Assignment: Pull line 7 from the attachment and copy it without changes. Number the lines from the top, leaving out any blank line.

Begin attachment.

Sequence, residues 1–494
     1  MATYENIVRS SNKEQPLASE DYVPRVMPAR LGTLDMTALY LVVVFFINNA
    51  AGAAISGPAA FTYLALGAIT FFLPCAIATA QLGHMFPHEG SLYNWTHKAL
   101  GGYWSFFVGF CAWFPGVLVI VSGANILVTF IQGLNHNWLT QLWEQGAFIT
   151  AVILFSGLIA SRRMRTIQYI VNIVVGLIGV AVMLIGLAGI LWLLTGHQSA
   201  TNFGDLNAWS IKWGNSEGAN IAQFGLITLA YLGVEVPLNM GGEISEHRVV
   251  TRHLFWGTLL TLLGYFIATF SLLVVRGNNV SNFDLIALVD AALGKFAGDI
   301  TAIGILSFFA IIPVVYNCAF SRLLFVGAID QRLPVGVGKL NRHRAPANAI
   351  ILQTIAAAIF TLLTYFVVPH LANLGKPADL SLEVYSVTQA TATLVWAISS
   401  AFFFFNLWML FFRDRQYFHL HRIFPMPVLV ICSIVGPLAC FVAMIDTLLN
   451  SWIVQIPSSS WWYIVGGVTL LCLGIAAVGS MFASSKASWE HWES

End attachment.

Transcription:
   251  TRHLFWGTLL TLLGYFIATF SLLVVRGNNV SNFDLIALVD AALGKFAGDI